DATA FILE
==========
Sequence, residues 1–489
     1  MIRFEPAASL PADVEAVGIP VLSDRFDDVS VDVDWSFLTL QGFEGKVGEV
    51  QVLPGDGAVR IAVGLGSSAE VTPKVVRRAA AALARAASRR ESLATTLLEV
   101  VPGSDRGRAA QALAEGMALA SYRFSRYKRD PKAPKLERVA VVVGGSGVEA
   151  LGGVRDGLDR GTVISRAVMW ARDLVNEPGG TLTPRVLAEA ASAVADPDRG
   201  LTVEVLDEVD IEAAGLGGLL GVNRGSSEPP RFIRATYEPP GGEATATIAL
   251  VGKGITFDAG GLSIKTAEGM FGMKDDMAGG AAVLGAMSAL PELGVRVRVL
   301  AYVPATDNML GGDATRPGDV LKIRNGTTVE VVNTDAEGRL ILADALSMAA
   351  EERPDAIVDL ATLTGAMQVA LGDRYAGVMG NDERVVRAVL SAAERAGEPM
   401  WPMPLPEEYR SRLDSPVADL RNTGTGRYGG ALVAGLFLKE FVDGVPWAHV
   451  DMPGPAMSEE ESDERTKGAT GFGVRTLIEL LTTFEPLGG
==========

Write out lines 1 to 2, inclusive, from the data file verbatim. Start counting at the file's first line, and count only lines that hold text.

Sequence, residues 1–489
     1  MIRFEPAASL PADVEAVGIP VLSDRFDDVS VDVDWSFLTL QGFEGKVGEV